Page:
The thing is, there is nothing fresh or original about Pumpkinhead. Pumpkinhead is a classic back-to-basics monster movie that relies on building a certain atmosphere rather than coasting along on modern horror movie cliches, and that is the reason it is so much fun to watch. It is done up in all the style that could be offered at the time, however goofy it might seem now. Being the product of the era, a really good story about the high cost of supernatural revenge is cluttered with all the trappings of excessive late 80's film making technique, however, the cheesy MTV lighting and Background Rock soundtrack begin to present a certain charm all these years later. Henrickson's stand alone leading man performance paves the way for Millenium, and Winston's FX house is firing on all cylinders bringing the nifty creation to life. The characterizations, while still archetypal, are slightly more complex than your typical late 80's scream feature, as is the overall concept and story. There is something real about the environment in which Pumpkinhead takes place, and the Razorback Hollow back story could not be more intriguing. It is all much more satisfying than most of what the big studios were churning out at the time. It's basically a modern masterpiece of macabre, and it's just in time for Halloween. For the twenty fifth time.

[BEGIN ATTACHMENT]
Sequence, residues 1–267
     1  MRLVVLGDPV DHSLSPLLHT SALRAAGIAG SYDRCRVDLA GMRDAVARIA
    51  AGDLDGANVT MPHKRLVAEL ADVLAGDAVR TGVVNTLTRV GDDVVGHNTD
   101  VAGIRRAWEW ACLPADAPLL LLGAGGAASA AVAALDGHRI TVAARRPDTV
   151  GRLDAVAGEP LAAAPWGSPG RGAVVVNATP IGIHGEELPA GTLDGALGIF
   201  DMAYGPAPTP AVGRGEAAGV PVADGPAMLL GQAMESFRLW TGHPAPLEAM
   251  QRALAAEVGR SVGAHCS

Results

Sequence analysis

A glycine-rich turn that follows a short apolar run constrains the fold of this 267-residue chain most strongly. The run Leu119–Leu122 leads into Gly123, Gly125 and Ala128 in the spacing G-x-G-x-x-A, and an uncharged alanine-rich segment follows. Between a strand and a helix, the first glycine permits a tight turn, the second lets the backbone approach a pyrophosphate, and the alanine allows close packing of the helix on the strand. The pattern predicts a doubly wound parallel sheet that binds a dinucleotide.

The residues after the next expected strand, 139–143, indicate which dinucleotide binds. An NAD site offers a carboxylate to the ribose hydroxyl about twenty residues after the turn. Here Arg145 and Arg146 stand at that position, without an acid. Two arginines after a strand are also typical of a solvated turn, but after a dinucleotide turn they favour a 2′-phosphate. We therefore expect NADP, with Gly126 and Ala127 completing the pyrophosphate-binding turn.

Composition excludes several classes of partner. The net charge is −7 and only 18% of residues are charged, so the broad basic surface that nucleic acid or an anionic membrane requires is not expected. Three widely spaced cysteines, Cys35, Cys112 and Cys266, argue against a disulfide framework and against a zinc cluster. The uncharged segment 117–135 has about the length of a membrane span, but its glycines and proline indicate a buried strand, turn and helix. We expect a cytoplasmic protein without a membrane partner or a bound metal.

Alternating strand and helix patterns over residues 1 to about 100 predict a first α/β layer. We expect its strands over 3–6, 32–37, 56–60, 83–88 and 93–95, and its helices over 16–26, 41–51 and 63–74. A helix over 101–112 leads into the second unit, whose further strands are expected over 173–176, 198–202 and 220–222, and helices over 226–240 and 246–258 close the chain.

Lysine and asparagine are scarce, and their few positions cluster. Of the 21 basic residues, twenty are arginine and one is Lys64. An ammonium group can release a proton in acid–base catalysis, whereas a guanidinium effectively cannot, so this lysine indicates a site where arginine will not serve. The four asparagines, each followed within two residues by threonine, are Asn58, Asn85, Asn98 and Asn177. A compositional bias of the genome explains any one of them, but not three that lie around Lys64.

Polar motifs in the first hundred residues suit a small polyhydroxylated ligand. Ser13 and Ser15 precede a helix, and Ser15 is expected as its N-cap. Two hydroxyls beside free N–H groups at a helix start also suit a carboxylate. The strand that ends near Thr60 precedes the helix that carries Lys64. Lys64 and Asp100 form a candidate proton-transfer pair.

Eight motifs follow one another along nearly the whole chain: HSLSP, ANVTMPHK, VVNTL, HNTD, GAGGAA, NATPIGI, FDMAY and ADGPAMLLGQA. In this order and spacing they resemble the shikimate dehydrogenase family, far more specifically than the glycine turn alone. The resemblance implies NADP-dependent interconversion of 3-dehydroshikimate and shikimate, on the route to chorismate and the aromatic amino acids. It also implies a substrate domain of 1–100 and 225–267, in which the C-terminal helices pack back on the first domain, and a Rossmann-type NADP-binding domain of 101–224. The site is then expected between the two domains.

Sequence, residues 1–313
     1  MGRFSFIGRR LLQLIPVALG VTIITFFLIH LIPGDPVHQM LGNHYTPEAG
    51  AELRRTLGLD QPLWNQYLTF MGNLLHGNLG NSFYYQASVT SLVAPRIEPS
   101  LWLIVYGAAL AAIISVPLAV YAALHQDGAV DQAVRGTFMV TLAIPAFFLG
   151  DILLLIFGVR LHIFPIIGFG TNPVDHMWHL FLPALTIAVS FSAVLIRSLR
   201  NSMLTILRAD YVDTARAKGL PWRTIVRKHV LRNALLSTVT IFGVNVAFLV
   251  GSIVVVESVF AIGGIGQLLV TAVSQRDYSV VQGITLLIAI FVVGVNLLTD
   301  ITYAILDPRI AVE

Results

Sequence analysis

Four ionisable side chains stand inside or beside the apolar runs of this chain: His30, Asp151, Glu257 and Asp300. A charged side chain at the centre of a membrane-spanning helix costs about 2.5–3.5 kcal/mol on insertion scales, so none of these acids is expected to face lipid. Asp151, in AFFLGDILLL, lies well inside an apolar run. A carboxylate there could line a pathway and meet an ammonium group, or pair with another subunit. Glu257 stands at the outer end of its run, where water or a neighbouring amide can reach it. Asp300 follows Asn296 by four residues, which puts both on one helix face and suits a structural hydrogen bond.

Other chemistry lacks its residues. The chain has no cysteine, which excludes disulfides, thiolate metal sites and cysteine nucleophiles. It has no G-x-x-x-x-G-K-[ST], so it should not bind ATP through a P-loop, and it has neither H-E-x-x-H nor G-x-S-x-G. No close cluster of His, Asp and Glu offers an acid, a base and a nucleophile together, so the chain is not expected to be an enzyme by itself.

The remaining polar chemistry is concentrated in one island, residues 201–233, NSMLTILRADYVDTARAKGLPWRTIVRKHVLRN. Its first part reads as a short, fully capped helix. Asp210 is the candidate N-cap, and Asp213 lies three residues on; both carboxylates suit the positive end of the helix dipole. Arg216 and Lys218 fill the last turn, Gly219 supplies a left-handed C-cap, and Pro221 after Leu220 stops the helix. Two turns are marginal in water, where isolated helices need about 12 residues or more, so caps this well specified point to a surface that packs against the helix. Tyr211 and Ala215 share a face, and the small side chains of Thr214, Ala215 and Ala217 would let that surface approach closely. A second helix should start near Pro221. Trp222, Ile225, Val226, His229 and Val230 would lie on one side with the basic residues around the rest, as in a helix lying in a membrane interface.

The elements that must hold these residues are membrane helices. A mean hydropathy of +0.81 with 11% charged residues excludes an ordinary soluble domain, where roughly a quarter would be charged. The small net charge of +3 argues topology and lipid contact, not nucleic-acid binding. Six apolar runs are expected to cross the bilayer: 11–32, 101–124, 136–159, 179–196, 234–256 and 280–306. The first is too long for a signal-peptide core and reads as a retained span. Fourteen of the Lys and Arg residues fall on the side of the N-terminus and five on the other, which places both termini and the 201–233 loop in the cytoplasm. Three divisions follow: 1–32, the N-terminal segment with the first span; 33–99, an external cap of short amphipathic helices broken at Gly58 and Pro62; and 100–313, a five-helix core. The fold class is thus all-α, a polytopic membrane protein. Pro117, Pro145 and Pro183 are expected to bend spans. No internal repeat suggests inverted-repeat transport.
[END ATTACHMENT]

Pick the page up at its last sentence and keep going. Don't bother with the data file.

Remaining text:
Fast Forward a quarter century and Pumpkinhead warrants further review. In fact, it's a wonder this film hasn't evolved into a lightly-edited (for language) basic cable holiday workhorse. There's no reason multiple generations of ten year old boys haven't made a ritual of watching this movie in the safe company of family and friends around this time of year, for the past several decades. Pumpkinhead is a film that has aged exceptionally well, and feels more like a Universal Monsters movie then it's slasher flick rip-off  brethren could ever hope to aspire. Dr. Giggles has his place as long as he knows to stand up when Pumpkinhead enters the room.

Monday, September 2, 2013

To Flea, or not to Flea?

Definitely, To Flea.

I've had some good luck when scouring the local flea market scene for unique and obscure treasures. Recent weekends are no exception.

I snagged these two classics for a measly ten dollars. It was one of those moments that I had to be consciously aware of my poker face at all times during the transaction.

Then of course I proceeded along with a hop, skip, and a jump to yet an even more intriguing purchase.